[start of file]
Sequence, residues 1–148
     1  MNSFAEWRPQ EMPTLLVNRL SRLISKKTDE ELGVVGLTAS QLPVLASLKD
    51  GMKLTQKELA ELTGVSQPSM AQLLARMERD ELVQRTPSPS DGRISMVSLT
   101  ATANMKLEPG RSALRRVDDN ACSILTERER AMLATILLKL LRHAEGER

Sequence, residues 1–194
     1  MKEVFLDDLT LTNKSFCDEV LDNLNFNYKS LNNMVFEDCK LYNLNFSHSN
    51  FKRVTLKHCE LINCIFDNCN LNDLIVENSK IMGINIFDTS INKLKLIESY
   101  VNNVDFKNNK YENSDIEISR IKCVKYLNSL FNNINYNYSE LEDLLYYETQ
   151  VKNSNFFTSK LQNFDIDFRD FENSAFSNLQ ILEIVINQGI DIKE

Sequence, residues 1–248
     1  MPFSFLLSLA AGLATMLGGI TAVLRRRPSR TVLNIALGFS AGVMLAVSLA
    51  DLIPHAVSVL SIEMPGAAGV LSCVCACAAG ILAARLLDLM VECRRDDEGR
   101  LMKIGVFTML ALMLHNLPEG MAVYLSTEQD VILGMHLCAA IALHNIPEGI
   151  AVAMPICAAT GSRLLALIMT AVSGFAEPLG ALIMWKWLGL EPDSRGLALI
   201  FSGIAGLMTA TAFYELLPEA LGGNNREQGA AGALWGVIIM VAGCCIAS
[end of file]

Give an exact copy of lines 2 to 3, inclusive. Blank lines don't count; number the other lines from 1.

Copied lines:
     1  MNSFAEWRPQ EMPTLLVNRL SRLISKKTDE ELGVVGLTAS QLPVLASLKD
    51  GMKLTQKELA ELTGVSQPSM AQLLARMERD ELVQRTPSPS DGRISMVSLT